So, you've done your time and finally made your way to the C-suite. Congrats, this is a huge accomplishment. There is so much to be done and your future is looking promising. This is an exciting time in your career!

As with trying anything new, you are bound to take a couple wrong turns. We're here to warn you of some of the most common flops for first time managers. Whether you've already made these errors or you make them in the future, don't freak out – everyone makes mistakes. Remember, it's how you fix them that counts.

1. Star-mentality: Chances are you got promoted because you were really good at your job. This may mean you are used to being the star of the show. Management is a whole different ball-game, according to Fast Company contributor Laura Vanderkam. Ditch the star mindset and learn to revel in the success of your team. This switch in thinking can be hard for new managers. Your personal power now lies in influencing others to do well. Retire your player uniform and learn to play the coach. This is vital to becoming a successful leader.

"Ditch the star mindset and learn to revel in the success of your team."

2. Attention to detail: There are few things worse than a chronic micro-manager. Now that you're head honcho, keeping up with the details of every project in the office is near impossible, explained Forbes. Learn to shift your attention to the bigger picture. What projects do you want your company to tackle? Which ones take priority? Communication of your vision is key. But after you have laid out the groundwork, try and take a backseat role when it comes to the fine print. Of course, this doesn't mean you should completely overlook the building blocks of your grand scheme. Discover a sense of balance between the big and little pictures. Trust us, it'll help you in the long run.

3. Ignoring the transition: Chances are your new management position involved some shuffling in the company. Was an old manager fired? A beloved manager promoted? Address these switches in leadership, don't just breeze over it. Let your new staff know that things are going to be run differently under your leadership. This doesn't need to be a power-hungry dismissal of all past operations, just an acknowledgement of the new move. Failing to address your new position can also be problematic when it comes to office peers, noted U.S. News. The source suggested having a discussion as soon as possible laying out the boundaries between work and friendship. This can save some awkward interactions down the road.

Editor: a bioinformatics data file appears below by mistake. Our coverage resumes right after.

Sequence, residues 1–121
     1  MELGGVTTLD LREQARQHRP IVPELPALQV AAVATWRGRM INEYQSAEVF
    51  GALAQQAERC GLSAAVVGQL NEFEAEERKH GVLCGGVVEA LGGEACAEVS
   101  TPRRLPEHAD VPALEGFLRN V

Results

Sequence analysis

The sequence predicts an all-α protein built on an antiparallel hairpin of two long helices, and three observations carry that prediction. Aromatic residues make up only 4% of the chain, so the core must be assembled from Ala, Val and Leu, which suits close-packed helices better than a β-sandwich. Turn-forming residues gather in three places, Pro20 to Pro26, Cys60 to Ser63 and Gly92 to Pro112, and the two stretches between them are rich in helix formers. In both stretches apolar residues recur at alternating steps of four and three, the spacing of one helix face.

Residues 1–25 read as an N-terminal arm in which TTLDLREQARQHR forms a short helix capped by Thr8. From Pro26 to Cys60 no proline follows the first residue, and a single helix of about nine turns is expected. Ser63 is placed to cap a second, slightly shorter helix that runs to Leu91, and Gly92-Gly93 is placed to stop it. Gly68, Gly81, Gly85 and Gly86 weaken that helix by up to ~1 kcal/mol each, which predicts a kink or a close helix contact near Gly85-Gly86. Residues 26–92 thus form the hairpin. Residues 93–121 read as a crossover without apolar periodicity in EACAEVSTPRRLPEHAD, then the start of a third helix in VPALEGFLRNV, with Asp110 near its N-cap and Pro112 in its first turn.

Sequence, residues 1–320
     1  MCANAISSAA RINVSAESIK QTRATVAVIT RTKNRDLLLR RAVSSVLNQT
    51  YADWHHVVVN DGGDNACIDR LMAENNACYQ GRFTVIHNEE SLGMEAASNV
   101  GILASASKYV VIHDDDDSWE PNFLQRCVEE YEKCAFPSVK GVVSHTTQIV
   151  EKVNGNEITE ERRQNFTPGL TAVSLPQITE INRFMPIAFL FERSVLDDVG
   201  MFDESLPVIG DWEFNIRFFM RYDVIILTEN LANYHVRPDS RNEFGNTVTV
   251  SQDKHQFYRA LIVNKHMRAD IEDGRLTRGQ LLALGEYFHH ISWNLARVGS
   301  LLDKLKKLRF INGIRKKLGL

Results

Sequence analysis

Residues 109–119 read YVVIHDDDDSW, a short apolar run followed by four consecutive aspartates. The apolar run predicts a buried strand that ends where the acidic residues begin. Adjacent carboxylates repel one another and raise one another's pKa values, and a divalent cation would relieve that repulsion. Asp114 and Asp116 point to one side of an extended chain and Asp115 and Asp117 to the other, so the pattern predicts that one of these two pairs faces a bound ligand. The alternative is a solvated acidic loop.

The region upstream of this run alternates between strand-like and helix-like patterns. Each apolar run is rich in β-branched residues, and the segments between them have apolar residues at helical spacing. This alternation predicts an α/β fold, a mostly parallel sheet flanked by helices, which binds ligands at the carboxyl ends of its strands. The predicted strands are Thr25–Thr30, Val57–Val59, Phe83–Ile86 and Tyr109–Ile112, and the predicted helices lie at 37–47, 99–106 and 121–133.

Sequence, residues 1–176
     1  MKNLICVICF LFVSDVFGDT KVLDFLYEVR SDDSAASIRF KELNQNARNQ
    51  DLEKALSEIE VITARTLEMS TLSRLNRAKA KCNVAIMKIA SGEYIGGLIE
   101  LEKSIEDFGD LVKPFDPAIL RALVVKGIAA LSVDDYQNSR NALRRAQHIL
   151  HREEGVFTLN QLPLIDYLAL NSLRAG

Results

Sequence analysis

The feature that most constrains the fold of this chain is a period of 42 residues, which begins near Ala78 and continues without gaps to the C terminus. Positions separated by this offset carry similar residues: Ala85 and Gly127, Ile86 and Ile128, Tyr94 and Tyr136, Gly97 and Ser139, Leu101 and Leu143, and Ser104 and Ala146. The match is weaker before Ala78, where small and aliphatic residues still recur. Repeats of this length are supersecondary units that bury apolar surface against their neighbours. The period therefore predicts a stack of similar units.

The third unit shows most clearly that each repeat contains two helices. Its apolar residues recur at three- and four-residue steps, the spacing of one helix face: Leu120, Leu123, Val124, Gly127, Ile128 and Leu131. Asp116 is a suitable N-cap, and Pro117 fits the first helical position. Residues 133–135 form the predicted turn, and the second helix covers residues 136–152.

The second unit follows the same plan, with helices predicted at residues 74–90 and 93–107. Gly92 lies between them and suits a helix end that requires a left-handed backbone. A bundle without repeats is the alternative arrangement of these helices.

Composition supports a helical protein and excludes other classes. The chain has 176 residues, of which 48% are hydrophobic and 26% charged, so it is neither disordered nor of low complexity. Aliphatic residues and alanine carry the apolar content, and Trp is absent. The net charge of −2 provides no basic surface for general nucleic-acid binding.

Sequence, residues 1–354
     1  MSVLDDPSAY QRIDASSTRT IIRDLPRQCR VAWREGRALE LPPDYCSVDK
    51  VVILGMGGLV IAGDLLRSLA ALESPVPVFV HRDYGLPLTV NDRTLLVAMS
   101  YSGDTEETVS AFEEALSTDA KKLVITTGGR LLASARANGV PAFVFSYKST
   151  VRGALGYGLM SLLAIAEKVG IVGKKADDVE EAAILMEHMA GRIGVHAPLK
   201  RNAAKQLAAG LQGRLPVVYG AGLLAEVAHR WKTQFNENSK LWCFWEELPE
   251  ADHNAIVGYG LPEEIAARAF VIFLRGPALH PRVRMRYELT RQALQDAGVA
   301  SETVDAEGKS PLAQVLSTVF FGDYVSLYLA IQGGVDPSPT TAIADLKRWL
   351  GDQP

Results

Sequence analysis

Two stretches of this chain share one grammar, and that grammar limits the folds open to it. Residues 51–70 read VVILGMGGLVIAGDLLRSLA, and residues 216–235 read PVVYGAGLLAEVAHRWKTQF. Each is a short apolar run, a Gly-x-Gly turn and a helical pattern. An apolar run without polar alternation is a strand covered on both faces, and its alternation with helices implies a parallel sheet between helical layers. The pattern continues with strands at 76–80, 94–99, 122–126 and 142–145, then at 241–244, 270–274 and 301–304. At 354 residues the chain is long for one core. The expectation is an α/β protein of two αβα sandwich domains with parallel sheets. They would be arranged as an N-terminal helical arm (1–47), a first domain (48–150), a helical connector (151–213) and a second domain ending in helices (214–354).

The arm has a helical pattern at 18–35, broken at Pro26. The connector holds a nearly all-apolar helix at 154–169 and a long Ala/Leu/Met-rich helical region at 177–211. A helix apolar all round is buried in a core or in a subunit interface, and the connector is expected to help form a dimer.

"Don't be afraid to hit the ground running."

4. Holding back: This mistake exists on a couple of different levels. First of all, new managers should not be paralyzed by fear. You were given this position because your bosses saw something promising in you: Take risks. This leads to our next point: Don't be afraid to hit the ground running. The best way to instill confidence in your leadership skills is to prove why you were given the job in the first place. At the same time, don't be too ambitious. Aiming for 20 goals simultaneously will probably fall flat. However, a couple of solid wins in your early months can be a major help.

Taking on a manager position for the first time can be a daunting task. With a new arsenal of personal power it is easy to steer your management role in the right direction. Try and stay level-headed and approach your decisions with these management skills in mind.